New Light on the Nebiim from Alexandria: A Chronography to Replace the Deuteronomistic History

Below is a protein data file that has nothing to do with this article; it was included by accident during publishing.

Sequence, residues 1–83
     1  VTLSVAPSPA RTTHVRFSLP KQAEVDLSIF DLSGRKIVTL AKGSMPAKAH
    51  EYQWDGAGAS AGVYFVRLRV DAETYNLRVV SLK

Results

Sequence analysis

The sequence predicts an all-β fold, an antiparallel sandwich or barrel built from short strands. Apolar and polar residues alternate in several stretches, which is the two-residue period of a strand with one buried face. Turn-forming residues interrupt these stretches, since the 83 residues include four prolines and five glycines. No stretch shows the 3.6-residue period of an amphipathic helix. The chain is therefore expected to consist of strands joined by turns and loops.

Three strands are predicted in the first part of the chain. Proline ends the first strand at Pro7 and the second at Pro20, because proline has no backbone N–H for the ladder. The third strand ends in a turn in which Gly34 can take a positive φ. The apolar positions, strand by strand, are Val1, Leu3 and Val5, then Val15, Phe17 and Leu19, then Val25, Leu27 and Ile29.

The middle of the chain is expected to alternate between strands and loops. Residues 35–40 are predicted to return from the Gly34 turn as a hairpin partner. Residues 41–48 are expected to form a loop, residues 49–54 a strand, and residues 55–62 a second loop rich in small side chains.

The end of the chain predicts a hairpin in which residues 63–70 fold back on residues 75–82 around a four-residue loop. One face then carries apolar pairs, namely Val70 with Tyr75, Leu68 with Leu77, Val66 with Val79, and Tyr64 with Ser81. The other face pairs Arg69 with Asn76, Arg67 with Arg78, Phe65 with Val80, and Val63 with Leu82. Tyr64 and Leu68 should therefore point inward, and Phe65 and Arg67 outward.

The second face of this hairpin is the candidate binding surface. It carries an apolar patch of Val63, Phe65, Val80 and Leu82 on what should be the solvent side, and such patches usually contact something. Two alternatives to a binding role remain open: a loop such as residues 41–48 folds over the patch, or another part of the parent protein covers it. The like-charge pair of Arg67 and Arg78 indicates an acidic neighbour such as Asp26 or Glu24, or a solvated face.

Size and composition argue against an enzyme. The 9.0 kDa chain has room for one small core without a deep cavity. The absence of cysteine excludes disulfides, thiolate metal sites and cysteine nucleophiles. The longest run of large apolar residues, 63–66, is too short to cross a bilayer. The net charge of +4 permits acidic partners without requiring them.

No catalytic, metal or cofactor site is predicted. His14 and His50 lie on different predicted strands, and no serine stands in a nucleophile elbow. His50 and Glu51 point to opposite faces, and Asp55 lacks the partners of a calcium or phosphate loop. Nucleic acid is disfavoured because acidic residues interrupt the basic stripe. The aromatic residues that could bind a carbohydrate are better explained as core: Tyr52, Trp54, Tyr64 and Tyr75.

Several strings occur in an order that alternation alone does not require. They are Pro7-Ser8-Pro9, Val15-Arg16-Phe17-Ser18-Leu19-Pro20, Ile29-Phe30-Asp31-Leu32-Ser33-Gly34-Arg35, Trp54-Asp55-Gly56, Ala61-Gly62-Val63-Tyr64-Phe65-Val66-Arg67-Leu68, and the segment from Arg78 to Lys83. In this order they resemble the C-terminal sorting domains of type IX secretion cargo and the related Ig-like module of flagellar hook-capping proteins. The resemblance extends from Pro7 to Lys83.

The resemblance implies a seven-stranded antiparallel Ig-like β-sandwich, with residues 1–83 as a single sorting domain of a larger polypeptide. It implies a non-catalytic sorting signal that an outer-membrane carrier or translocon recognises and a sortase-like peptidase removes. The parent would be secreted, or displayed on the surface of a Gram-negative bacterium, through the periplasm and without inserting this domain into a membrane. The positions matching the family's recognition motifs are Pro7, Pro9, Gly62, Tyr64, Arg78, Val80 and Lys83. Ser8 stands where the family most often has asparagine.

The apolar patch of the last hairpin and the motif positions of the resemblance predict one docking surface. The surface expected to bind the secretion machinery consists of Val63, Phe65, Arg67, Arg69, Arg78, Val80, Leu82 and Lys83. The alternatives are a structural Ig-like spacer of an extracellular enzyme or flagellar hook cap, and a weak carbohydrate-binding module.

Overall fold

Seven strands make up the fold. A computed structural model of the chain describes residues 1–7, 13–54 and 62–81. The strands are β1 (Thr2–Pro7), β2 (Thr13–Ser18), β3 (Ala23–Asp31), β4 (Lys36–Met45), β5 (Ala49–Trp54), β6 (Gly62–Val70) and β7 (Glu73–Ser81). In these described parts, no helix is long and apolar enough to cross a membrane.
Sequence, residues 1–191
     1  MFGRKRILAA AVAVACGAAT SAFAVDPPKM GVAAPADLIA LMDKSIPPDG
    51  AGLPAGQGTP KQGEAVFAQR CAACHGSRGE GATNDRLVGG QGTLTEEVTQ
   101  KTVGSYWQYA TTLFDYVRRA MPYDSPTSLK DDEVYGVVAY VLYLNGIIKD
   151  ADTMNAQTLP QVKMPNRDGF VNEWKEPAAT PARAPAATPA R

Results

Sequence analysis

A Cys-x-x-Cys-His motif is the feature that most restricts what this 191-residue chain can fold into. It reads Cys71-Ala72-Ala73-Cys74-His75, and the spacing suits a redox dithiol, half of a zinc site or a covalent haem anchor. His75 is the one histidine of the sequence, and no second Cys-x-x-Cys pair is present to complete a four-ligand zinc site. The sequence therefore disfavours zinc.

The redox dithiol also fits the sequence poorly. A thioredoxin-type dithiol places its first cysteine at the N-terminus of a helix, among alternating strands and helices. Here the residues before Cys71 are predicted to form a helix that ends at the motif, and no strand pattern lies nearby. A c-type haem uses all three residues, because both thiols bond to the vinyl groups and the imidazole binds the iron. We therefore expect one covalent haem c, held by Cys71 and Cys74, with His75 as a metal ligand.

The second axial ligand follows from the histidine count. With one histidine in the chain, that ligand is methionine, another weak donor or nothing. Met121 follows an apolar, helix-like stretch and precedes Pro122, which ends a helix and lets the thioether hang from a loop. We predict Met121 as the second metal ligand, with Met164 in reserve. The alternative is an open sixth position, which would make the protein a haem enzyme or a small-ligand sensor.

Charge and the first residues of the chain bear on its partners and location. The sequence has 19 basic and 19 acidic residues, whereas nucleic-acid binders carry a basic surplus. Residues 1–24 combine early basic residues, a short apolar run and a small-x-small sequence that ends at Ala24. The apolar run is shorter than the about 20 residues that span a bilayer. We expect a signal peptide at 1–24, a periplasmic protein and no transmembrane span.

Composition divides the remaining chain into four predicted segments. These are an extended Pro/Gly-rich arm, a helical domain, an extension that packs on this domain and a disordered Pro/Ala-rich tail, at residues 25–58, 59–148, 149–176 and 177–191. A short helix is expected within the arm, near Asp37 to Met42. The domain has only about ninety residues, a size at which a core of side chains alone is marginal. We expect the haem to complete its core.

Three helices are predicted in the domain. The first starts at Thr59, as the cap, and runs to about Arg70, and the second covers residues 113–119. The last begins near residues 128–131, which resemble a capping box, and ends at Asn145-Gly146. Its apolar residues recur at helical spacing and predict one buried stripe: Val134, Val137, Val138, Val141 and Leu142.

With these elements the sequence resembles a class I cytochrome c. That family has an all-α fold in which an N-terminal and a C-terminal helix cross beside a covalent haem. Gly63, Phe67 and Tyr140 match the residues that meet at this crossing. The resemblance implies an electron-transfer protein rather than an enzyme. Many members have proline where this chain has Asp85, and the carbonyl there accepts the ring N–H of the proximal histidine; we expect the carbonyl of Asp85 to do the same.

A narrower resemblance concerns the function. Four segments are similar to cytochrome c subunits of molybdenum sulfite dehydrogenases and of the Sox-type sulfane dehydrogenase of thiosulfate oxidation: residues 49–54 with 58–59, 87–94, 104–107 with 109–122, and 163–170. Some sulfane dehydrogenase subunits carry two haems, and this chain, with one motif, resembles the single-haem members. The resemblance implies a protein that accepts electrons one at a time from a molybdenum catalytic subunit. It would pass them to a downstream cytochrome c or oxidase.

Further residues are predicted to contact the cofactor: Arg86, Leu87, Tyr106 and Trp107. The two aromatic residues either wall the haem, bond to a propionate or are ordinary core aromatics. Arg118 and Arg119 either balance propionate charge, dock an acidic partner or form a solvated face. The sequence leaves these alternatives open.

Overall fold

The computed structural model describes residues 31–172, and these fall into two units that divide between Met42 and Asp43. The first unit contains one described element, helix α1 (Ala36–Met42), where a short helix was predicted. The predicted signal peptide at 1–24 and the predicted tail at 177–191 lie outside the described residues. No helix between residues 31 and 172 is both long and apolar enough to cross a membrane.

AbstractIf the periodization of Israel’s past was worked out by the composer of the Deuteronomistic History already in the sixth century BCE, is it not strange that we have to wait until Ben Sira to find the earliest mention of the Joshua—Kings succession? The four-century gap between the work of DtrH and Ben Sira begs for an explanation. In the wake of the present trend of challenging the validity of the Deuteronomistic History hypothesis, this article reviews the evidence offered by Ben Sira. Identifying the scope of the gloss at the end of Sira 49 leads to understand the Praise of the fathers (Sira 44—49) as a theological commentary of the books of the Nebiim, a collection recently put together when Sira wrote his Wisdom. The Nebiim constituted a rival collection to the first ever Jewish Chronography crafted barely a century earlier for the Alexandria library to provide Hellenistic historians with sources pertaining to Jewish past. On the basis of Nina Collins’ ground-breaking study of the Letter of Aristeas, the opposition between the Chronography and the Nebiim is understood as a reflection of the tensions between the Library and the Jews at the time of the translation of the Torah. The point is that the initiative for translation and canonization Hebrew literature always originated from Hellenistic scholars, and that the Jews were reacting to it. The Alexandrian Canon hypothesis thus needs to be revived, albeit in a modified form, despite the conclusions reached 40 years ago by Albert Sundberg. Even Josephus, who had a low opinion of the LXX, based his list of thirteen prophetic books on the Alexandrian Chronography, transmitted by the LXX’s Historica (Joshua—Esther). In reaction to the Chronography, Alexandrian Judaism created the Nebiim, retaining the first part of the Alexandrian Chronography (minus Ruth) while adding the Prophetic books proper. Whereas Demetrius the Chronographer or the school to which he belonged is likely to have produced the Chronography, Ben Sira, who migrated to Egypt with the Ptolemaic elite of Jerusalem after the battle of Panion could have been involved in the formation of the Nebiim. His grandson translated his grandfather’s Wisdom once the Nebiim were officially canonized by the Hasmonaeans. A three-century shift is therefore required for the organization of the Joshua—Kings succession, which means that the periodization of Israel’s past belongs to the last stage of the formation of the books of Joshua, Judges, Samuel and Kings, and not to the onset of their growth. Alexandria is restored in its position as the leading centre for canonizing ANE literature.